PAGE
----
By David Baumann
A Reading from Romans 1:1-15
1 Paul, a servant of Christ Jesus, called to be an apostle, set apart for the gospel of God, 2 which he promised beforehand through his prophets in the holy scriptures, 3 the gospel concerning his Son, who was descended from David according to the flesh 4 and was declared to be Son of God with power according to the spirit of holiness by resurrection from the dead, Jesus Christ our Lord, 5 through whom we have received grace and apostleship to bring about the obedience of faith among all the gentiles for the sake of his name, 6 including you who are called to belong to Jesus Christ,
7 To all God’s beloved in Rome, who are called to be saints:
Grace to you and peace from God our Father and the Lord Jesus Christ.
8 First, I thank my God through Jesus Christ for all of you, because your faith is proclaimed throughout the world. 9 For God, whom I serve with my spirit by announcing the gospel of his Son, is my witness that without ceasing I remember you always in my prayers, 10 asking that by God’s will I may somehow at last succeed in coming to you. 11 For I long to see you so that I may share with you some spiritual gift so that you may be strengthened — 12 or rather so that we may be mutually encouraged by each other’s faith, both yours and mine. 13 I do not want you to be unaware, brothers and sisters, that I have often intended to come to you (but thus far have been prevented), in order that I may reap some harvest among you, as I have among the rest of the gentiles. 14 I am obligated both to Greeks and to barbarians, both to the wise and to the foolish, 15 hence my eagerness to proclaim the gospel to you also who are in Rome.
With this lesson, we begin the reading of Paul’s letter to the church in Rome. It is arguably the most theologically complex of his letters, setting forth the means and meaning of salvation through Jesus. Unlike his letters to other churches, it is written to a congregation that Paul had not yet visited and which, of course, he had not founded. The church in Rome, in the capital city of the Empire: it had a certain prestige — their “faith is proclaimed throughout the world.” It was also the first to suffer when the persecutions began under Nero — the first of many local, regional, and empire-wide persecutions that took place during the 250 years from the mid-60s to the early 300s.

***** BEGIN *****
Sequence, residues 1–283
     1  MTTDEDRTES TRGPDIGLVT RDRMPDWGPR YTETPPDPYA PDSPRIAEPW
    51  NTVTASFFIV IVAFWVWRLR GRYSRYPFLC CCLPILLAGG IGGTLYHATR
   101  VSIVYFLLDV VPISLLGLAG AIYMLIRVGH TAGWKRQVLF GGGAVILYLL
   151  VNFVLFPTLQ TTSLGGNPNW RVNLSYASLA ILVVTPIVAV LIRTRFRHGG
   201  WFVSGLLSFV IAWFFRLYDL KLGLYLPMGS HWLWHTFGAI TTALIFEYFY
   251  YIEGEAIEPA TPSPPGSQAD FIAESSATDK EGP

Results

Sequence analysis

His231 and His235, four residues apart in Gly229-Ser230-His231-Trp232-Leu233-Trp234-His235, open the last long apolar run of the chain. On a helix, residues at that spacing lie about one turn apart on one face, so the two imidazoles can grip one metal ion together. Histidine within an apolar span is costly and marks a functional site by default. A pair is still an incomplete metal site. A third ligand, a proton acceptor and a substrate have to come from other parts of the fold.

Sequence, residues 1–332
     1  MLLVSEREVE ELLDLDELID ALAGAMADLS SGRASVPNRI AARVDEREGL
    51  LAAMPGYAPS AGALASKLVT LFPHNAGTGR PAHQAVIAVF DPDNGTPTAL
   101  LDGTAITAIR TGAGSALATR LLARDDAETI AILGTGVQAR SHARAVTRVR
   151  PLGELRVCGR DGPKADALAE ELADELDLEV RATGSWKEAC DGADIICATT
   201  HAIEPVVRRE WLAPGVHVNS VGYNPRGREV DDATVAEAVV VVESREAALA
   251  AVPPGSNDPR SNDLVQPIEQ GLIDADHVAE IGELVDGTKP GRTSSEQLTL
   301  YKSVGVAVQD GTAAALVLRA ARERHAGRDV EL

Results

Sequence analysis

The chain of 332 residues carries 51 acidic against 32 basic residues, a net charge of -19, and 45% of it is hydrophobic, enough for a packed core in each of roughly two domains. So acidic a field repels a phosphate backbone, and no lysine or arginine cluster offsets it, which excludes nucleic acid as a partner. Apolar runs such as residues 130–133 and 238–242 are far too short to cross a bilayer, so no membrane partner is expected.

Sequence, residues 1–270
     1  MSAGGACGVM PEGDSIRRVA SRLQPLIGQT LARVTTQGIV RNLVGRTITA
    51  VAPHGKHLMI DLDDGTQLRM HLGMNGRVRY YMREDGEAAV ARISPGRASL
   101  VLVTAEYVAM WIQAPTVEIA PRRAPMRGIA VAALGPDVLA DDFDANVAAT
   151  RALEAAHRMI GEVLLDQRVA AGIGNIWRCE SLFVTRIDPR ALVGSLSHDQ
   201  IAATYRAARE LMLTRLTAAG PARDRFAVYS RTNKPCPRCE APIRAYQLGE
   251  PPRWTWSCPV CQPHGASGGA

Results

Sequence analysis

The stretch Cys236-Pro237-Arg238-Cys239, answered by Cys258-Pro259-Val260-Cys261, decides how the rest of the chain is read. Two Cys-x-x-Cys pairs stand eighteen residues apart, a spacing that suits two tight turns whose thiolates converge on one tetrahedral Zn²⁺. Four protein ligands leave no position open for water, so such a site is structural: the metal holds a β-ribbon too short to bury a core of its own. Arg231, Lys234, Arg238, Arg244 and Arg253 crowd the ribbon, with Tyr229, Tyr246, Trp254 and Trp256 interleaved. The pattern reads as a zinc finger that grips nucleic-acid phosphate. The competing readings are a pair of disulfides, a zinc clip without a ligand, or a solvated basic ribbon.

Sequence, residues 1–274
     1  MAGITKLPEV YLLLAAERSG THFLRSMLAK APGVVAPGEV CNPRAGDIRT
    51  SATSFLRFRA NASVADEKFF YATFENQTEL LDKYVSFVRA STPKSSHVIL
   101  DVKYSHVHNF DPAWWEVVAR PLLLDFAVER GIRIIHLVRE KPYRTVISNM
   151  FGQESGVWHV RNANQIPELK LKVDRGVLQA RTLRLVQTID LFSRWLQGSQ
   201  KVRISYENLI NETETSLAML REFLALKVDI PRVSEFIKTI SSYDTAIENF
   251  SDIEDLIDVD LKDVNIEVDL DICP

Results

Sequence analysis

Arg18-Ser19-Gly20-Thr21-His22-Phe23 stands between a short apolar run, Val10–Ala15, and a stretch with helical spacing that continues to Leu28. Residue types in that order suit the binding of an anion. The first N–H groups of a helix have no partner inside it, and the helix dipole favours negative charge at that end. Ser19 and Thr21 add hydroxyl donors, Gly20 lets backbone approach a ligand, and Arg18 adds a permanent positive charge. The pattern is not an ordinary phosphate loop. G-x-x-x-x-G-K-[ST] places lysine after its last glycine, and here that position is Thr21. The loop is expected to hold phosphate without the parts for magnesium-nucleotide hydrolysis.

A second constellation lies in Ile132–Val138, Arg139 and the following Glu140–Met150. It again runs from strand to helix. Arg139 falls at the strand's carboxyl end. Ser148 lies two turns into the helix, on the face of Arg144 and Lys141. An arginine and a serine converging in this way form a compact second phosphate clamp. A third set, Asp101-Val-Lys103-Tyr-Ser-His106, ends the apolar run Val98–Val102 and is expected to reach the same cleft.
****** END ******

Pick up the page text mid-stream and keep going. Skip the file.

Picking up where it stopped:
Paul begins his letters to churches with a carefully-designed introduction in which he declares his credentials, briefly sets forth a theological premise upon which he will develop the theme of his message, commends the church to which he is writing, and assures them of his prayers for them. His introduction to this letter follows the same pattern and is especially rich. In today’s passage, he is almost deferential to the believers in Rome, even acknowledging that they may encourage his faith even while he encourages theirs. Yet he retains his position of leadership as an apostle and proclaimer of the gospel. He knows who he is, whose he is, and to whom he writes. Do we have such humble confidence in our dealings with others?
David Baumann served for nearly 50 years as an Episcopal priest in the Dioceses of Los Angeles and Springfield. He has published nonfiction, science fiction, and short stories. Two exuberant small daughters make sure he never gets any rest.
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Daily Devotional Cycle of Prayer
Today we pray for:
The Diocese of Madurai-Ramnad – The (united) Church of South India
Saint James School, Hagerstown, Md.